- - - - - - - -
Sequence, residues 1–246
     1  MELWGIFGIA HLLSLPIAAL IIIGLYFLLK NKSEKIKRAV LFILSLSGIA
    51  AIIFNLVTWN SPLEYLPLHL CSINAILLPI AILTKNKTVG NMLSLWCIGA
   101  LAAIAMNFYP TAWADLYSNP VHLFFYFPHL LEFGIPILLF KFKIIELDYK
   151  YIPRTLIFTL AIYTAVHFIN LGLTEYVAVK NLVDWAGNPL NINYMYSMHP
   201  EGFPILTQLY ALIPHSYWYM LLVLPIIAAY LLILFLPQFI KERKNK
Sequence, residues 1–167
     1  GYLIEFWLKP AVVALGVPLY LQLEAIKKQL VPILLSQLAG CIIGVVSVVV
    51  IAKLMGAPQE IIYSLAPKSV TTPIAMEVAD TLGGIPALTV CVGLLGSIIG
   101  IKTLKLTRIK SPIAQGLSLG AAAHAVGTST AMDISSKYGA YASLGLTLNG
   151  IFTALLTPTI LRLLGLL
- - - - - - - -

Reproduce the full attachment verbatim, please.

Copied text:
Sequence, residues 1–246
     1  MELWGIFGIA HLLSLPIAAL IIIGLYFLLK NKSEKIKRAV LFILSLSGIA
    51  AIIFNLVTWN SPLEYLPLHL CSINAILLPI AILTKNKTVG NMLSLWCIGA
   101  LAAIAMNFYP TAWADLYSNP VHLFFYFPHL LEFGIPILLF KFKIIELDYK
   151  YIPRTLIFTL AIYTAVHFIN LGLTEYVAVK NLVDWAGNPL NINYMYSMHP
   201  EGFPILTQLY ALIPHSYWYM LLVLPIIAAY LLILFLPQFI KERKNK
Sequence, residues 1–167
     1  GYLIEFWLKP AVVALGVPLY LQLEAIKKQL VPILLSQLAG CIIGVVSVVV
    51  IAKLMGAPQE IIYSLAPKSV TTPIAMEVAD TLGGIPALTV CVGLLGSIIG
   101  IKTLKLTRIK SPIAQGLSLG AAAHAVGTST AMDISSKYGA YASLGLTLNG
   151  IFTALLTPTI LRLLGLL